Originally Posted by C.B.S
Many different ways to skin a cat

On my 350 motors, I made a custom pilot that takes place of the ball bearing and used a shell reamer to ream the crank bush

I also mounted my TS crankcase on my milling table and bored the crank bush inline with the opposite side

Keep your options open

I must admit that with a properly supported SHELL reamer you would be in with a chance on a soft material like bronze . I maintain however that with one of those adjustable ones with the long blades or a standard length machine reamer no way .

here's the thing , you have to have some clearance between the pilot end and the bush , Even at at absolute minimum sliding fit clearance on something only maybe 3/4 long you will still get lateral movement over the length of the crank . Unless you make your custom support collar dam near as long as the crank in which case it will likley tip in the bearing housing when it is force to cut unevenly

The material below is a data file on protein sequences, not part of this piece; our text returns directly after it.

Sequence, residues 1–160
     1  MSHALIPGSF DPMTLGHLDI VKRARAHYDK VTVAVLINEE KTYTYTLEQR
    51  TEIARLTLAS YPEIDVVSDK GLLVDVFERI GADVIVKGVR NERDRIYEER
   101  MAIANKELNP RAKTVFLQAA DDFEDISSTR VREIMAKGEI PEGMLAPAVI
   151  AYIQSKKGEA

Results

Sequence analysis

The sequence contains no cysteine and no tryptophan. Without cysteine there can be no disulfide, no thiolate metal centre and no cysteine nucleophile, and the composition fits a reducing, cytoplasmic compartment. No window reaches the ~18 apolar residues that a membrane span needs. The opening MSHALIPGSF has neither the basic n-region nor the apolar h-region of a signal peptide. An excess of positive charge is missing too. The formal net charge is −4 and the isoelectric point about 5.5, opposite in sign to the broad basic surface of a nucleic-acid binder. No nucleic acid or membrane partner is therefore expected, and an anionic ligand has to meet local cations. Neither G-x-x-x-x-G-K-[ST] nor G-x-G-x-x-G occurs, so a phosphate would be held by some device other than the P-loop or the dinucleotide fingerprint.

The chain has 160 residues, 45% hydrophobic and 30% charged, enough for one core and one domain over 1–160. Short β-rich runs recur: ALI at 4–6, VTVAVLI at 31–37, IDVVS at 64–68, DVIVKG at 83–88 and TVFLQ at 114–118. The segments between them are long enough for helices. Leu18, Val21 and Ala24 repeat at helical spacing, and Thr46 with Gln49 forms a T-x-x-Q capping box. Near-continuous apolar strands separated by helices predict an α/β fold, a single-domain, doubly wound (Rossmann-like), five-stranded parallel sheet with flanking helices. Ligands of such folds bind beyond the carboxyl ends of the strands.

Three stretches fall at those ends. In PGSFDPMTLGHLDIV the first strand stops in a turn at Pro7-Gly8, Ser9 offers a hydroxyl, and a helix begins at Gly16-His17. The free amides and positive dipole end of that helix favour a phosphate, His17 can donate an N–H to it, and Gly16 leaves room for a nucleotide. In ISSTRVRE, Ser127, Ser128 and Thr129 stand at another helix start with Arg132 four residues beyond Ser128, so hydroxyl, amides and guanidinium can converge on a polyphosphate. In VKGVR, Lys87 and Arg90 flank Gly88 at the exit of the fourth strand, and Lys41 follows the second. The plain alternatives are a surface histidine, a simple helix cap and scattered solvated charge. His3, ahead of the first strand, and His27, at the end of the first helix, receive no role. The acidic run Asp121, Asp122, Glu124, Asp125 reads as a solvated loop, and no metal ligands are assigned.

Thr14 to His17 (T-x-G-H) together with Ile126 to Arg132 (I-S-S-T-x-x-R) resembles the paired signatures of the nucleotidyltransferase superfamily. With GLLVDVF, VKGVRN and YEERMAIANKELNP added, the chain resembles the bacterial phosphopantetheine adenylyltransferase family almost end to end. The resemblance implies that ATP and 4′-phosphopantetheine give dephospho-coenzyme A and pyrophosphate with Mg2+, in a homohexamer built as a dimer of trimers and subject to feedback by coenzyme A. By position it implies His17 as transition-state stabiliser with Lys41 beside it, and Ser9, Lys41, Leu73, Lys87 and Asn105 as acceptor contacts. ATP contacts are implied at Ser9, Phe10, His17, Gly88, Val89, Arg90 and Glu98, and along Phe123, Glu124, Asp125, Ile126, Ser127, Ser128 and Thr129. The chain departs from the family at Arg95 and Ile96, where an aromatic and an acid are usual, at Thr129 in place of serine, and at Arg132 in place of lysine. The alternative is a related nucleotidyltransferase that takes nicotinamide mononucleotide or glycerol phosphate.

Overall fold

Buy the time you have done all that it would have been quicker to do it on a mill , i maintain that the only way to cut off center on an existing hole is with a single point cutter

IF you are doing many cases probably making some custom fixture is an ok compromise using a shell reamer OR an adapted "David Brown" style adjustable reamer (not the floating blade type those will DEFINITATLEY just follow the hole no question at all ) the ones where you adjust them with a grub screw in the point with split blades that can move a few thou ,,, i used those extensively and man you sure can get accuracy with them and they repeat! but how many machine shops will have or make the required special support fixture without charging 1000s ? Most machine shops dont even know what a "David Brown" reamer is !

Just out of interest , shell reamers arnt adjustable ( unless its a terminology thing and what you mean by shell reamer isnt what i understand them to be ) so how do you use them for more that one size ? unless you have like 400 of them all made to specific sizes?

"There's the way it ought to be and there's the way it is" (Sgt Barnes)